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April 16, 2008
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Destination Deganwy:Inside the BACD annual conference




Although I hadn’t been to Deganwy for 30 years – since I last went on holiday with my parents, in fact – the Conwy valley was as beautiful as I remembered it, and this was certainly one of the highlights of this year’s British Association of Conference Destinations Conference (BACD). Held at the Quay Hotel, it involved two days of presentations, workshops and teambuilding focused on the central theme The Future’s Bright, The Future’s Green.

The event kicked off promisingly enough with an excellent address by futurologist Rohit Talwar. But you had to wonder whether it didn’t go sailing over many delegates’ heads, particularly in light of a comment made by one of the Visit Wales team, who said: “That was a bit pointless as we won’t be here to see the future.” I’m just hoping none of the other BACD members are as short-sighted or the future may not look as bright as the annual conference’s title suggests. Although the fact that few destinations have yet woken up to the promotional potential of EVENTS:review – the future of media – isn’t particularly encouraging.

Talwar touched on some great issues concerning the future development of the world and related them back to venues and destinations. His core message was take time out of your hectic working life to plan ahead. For example, had venues and destinations considered the fact that the UK’s population is ageing? – apparently we’re living an extra five hours every week on average. So improving access to venues and the ease of getting around destinations could serve a growing proportion of the population, particularly as the pensionable age is sure to rise, so we’ll all be working longer.

Can the UK meet the Eastern challenge?

On a more pressing note, Talwar also drew attention to rising population rates, which are particularly concentrated in the developing areas of China and India, not only highlighting the global economic shift eastwards, but also the need to act to protect the environment. He said that the world’s population is set to reach 8 billion by 2020, and that by 2050 humans will need at least two planets’ worth of natural resources to live as they do now, showing the drastic need for all industries, not just events, to work greener.

Talwar had recently prepared a report for Reed Travel Exhibitions on the future of travel and tourism in the Middle East, and this is where the big bombshell was dropped. It was clear from the figures he quoted that this region represents the major area of competition to the UK conference industry for corporate business.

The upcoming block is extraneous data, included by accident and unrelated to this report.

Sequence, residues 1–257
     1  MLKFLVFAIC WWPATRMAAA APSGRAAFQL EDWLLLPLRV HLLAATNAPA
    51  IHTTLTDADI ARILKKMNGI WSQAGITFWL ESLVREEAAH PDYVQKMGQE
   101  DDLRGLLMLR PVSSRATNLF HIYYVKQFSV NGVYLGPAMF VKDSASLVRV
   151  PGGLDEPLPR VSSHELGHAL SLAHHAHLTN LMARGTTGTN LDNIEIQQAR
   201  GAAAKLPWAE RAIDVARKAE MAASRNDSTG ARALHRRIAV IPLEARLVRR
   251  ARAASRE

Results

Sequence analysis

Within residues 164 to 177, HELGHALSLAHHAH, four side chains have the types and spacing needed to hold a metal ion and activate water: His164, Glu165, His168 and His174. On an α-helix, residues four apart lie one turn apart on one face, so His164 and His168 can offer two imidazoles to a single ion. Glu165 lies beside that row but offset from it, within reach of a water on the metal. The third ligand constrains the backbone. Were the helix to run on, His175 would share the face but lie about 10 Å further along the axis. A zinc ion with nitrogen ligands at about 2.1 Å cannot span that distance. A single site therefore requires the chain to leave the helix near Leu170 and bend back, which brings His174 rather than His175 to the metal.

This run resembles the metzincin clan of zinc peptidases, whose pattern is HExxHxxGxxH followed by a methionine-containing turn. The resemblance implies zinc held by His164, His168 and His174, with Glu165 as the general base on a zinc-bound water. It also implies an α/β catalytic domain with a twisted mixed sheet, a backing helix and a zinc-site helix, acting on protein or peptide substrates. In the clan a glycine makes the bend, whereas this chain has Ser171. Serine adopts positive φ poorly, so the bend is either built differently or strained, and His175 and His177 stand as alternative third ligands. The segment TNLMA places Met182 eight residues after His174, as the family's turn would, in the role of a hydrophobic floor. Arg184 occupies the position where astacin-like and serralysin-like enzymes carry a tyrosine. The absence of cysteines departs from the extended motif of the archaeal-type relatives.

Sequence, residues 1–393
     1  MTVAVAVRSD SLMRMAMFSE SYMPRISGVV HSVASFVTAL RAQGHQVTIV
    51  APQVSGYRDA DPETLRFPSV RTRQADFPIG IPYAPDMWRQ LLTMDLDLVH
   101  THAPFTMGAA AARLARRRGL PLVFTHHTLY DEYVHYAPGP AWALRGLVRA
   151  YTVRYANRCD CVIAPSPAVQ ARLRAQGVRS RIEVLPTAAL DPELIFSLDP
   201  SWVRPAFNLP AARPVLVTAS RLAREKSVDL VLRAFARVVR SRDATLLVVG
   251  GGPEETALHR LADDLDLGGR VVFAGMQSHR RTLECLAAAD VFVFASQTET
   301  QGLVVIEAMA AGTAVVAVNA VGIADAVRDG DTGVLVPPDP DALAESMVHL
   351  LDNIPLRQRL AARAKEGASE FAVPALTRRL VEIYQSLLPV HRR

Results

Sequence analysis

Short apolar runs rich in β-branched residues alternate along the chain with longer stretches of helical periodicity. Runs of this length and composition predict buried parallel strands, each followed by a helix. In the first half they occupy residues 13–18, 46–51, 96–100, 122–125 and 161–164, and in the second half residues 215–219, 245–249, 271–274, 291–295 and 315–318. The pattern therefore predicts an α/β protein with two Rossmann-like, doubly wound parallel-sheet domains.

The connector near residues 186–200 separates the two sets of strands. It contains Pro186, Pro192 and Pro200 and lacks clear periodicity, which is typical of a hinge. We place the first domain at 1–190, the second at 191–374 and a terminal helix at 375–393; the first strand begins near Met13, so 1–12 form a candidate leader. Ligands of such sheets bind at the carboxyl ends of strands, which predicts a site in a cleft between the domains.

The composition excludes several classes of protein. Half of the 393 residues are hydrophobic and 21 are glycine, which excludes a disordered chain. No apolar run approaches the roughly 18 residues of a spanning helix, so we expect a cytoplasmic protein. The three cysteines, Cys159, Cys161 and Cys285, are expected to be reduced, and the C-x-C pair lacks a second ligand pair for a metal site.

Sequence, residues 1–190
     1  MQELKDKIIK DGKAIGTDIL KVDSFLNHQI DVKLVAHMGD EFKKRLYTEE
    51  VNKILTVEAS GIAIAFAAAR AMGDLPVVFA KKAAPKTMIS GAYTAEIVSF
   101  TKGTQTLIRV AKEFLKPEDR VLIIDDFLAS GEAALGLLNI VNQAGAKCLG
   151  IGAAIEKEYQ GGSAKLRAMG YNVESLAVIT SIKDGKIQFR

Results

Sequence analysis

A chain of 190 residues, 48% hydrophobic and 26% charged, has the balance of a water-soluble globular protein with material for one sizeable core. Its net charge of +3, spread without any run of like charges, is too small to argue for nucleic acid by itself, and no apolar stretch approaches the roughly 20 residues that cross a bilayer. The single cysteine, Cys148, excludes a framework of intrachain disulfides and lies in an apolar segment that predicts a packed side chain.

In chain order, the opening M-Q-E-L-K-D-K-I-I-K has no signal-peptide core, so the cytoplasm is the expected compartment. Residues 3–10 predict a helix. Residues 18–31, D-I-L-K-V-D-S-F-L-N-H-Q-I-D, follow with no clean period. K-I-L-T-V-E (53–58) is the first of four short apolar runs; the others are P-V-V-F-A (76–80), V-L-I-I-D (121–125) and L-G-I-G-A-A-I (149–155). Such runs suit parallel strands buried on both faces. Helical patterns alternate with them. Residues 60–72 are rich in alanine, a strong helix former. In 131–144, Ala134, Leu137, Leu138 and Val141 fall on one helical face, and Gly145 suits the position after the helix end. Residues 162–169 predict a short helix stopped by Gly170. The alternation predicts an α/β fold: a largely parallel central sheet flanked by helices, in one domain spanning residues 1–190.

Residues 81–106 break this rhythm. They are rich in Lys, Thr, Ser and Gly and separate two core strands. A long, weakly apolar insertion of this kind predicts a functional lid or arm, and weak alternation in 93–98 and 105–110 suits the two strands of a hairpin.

"Across the Middle East, countries, states and cities are embarking on an unparalleled programme of investment and development to increase capacity, improve infrastructures and grow tourist numbers and revenues,” says the report. “Current estimates suggest that over the next 20 years, upwards of $3 trillion is going directly into leisure and tourism and indirectly into the supporting infrastructure. Through projects announced to date, by 2020 the region will add airport capacity for 300 million extra passengers, build over 200 new hotels, add 100,000 additional rooms, grow visitor numbers by 150 million and increase the size of its aircraft fleet by over 150% by 2025.”

To compete, the UK conference industry will need to ensure that its facilities are state-of-the-art and that its service levels are second to none. And an indication of the work that needs to me done was highlighted by the fact that the five-star Quay Hotel in Deganwy didn’t even have a business centre.

Pushing sustainability and development
At least the BACD can see the moral and business reasons for its members to go green and this message was put across forcefully over the two days of the conference from a range of speakers, many of whom were from the conference industry and gave practical examples of the benefits of going green and how to go about it. Lisa Lingard from Manchester City Council and Jacquie Rogers of the Arena and Convention Centre in Liverpool talked about putting sustainable policies in place, while Fiona Pelham of Organise This, Jessica Roberts of the NewcastleGateshead Convention Bureau, Jon Proctor of the Green Tourism Business Scheme and Mike Batt from the Carbon Trust formed a green experts panel to address any problems and queries delegates faced. What’s more, Emma Edwards-Jones of the Snowdonia Society clearly set out the effects business tourism is having on the environment and what needs to be done to help. EVENTS:review interviewed Pelham, Proctor and Edwards-Jones for a series of videos on sustainable conferencing to be screened over the next couple of months.

The BACD’s link up with Destination Marketing Association International (DMAI) was also very much in evidence and the conference, with representatives from the organisation attending. EVENTS:review interviewed the DMAI’s recently appointed European managing director Titta Rosvall-Puplett – living proof of the organisation’s commitment to global expansion – about the relationship and the benefits that UK destinations will enjoy from it.

Together, this international dimension and the well thought out green presentations and workshops created what must have been one of the most interesting and forward-looking BACD annual conferences for some time.


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